sasha_feather: the back of furiosa's head (furiosa: back of head)
[personal profile] sasha_feather
My premise here is that female gaze barely exists in media, and where it does, in exists in opposition to (in a space empty of) male gaze.

I will start with some background reading. I refer back to these a lot and have learned tons from them.

Bonehandled Knife at Tumblr has a series of amazing posts, focusing on the film Mad Max: Fury Road, and its cinematography.

Mad Max: Center Frame

Eyes Up Here: Composition and Gaze

Mad Max and the Male Gaze (Mad Max eschews the male gaze while other popular fandom films do not).

it’s a choice each time to frame women in one way and men in another.

Composition Choices

Another Tumblr post from Superhuman Disasters:

Filmmaking Intent vs. Theory

This gets at the training and tradition of film making. Some "male gaze" techniques may be so ingrained as to be unintentional.

The 2 hour making-of video with cinematographer John Seale beyond confirms this. Seale is obviously a true artist, but he repeatedly mentioned his frustration with the “on the nose” rule, because it undercut his instinct for rule-of-third framing and more focus on the beautiful women in the back of the cab. Not because he was intentionally trying to be sexist, but because that’s how he’d been trained, both as a filmmaker and a man.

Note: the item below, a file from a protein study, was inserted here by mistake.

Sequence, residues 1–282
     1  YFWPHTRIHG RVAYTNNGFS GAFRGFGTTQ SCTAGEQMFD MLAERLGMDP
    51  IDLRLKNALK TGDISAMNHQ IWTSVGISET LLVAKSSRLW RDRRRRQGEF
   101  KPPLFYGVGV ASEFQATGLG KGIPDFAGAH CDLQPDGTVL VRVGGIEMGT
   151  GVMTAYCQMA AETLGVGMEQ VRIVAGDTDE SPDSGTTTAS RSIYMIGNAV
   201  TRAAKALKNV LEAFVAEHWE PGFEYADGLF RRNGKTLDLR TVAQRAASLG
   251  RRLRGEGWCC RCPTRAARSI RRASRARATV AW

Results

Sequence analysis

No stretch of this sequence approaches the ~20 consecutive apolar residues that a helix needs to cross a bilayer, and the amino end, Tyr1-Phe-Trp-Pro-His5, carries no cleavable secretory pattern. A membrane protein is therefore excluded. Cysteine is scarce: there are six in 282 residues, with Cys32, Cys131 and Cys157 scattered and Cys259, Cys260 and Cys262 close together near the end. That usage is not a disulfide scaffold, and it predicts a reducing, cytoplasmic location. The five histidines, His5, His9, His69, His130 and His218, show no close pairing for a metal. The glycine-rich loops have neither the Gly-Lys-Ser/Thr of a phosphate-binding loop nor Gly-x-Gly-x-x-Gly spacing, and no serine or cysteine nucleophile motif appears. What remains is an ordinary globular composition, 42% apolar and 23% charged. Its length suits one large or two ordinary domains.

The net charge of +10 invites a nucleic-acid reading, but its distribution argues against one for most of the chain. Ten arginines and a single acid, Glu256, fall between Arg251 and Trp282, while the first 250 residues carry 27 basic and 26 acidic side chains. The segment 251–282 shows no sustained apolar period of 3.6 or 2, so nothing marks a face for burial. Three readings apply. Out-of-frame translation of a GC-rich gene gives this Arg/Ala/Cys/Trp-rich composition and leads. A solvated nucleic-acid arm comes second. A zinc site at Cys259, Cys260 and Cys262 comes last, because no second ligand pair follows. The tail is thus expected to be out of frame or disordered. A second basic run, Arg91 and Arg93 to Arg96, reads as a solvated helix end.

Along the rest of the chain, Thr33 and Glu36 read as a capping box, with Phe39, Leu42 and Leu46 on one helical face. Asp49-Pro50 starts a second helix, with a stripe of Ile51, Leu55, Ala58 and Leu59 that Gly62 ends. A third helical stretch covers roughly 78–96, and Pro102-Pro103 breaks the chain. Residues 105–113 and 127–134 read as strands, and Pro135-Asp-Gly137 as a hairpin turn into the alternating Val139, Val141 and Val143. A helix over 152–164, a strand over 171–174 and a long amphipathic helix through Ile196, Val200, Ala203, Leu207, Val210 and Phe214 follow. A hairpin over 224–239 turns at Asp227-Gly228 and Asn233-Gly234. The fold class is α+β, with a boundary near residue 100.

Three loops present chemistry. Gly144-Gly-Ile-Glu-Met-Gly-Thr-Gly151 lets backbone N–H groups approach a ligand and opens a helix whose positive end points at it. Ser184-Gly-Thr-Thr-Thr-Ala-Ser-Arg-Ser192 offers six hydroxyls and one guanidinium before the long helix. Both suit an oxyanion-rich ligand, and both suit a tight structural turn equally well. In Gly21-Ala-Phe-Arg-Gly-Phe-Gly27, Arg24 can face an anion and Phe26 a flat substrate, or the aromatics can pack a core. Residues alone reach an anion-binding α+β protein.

100% of art is manipulation (of the funnest kind) of what the audience receives. We choose where to draw your eye in visual art, where to draw your ear in musical art, where to draw your curiosity in written art, where to draw your emotional response in all of them. It is ALL part of a plan - every bit of it. The better the clarity of purpose, the better the impact of the art.

So... that is quite a bit of reading. BUT I HAVE MORE.

[personal profile] thingswithwings is brilliant and makes brilliant vids and has things to say about what she notices when makings vids.

Many thoughts On Manpain

Gunn and Sayid's manpains are explained to the audience via the camera saying "some white men are sad." Because I guess if there wasn't a white man there, we wouldn't have anyone to identify with.

Briefly, in this post:

The Making of the Yuletide Vid

1) We learned that people of colour are actually filmed differently, in terms of framing, than white people, or at least this was our anecdotal experience; it was often easy to get two white characters, especially two white male characters, in the same frame, but people of colour are by comparison much more isolated, cinematographically - often appearing in one-shots.

And in these tweets which I have storfied, in which [personal profile] thingswithwings and others talk about the challenge of trying to vid for women and minority characters:

Date: 2016-05-03 02:29 am (UTC)
jesse_the_k: Woman holds camera overhead, captioned "capturing the stars" (photographer at work)
From: [personal profile] jesse_the_k
Oh wow! It's a seminar. I'll be back, am reading am reading am reading.

Date: 2016-05-10 03:06 pm (UTC)
jesse_the_k: Rubik's Cube puzzle with all-white faces labelled in braille (Braille Rubik's Cube)
From: [personal profile] jesse_the_k
Still not finished. BUT saw this radio piece by Georgina Kleege on understanding the "gaze" while blind
http://blindflaneur.com/2015/02/11/georgina-kleege-on-beauty-and-the-gaze/

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